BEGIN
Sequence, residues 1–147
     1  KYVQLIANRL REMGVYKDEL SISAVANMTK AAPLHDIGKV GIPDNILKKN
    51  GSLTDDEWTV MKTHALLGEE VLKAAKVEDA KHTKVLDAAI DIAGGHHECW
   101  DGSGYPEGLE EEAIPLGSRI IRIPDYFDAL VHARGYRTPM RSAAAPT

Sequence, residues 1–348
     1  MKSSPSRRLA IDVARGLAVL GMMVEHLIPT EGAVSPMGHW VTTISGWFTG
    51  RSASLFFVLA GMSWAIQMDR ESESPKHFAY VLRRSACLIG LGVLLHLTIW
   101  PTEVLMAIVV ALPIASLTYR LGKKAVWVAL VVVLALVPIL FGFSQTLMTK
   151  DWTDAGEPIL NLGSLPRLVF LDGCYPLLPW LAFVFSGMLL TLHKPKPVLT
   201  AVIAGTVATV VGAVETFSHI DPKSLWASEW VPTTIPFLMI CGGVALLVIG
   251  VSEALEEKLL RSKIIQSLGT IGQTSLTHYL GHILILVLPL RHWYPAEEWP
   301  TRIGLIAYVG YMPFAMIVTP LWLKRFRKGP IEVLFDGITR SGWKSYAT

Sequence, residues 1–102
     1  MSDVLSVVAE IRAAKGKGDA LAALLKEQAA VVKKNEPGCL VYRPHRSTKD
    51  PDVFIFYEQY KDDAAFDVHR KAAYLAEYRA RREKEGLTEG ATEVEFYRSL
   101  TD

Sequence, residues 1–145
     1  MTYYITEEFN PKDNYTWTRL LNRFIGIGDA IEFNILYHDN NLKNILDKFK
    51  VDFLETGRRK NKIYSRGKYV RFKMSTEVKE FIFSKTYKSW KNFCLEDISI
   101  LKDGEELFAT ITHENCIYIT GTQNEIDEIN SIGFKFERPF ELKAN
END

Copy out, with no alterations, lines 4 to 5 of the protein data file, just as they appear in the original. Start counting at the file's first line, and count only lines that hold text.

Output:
   101  DGSGYPEGLE EEAIPLGSRI IRIPDYFDAL VHARGYRTPM RSAAAPT

Sequence, residues 1–348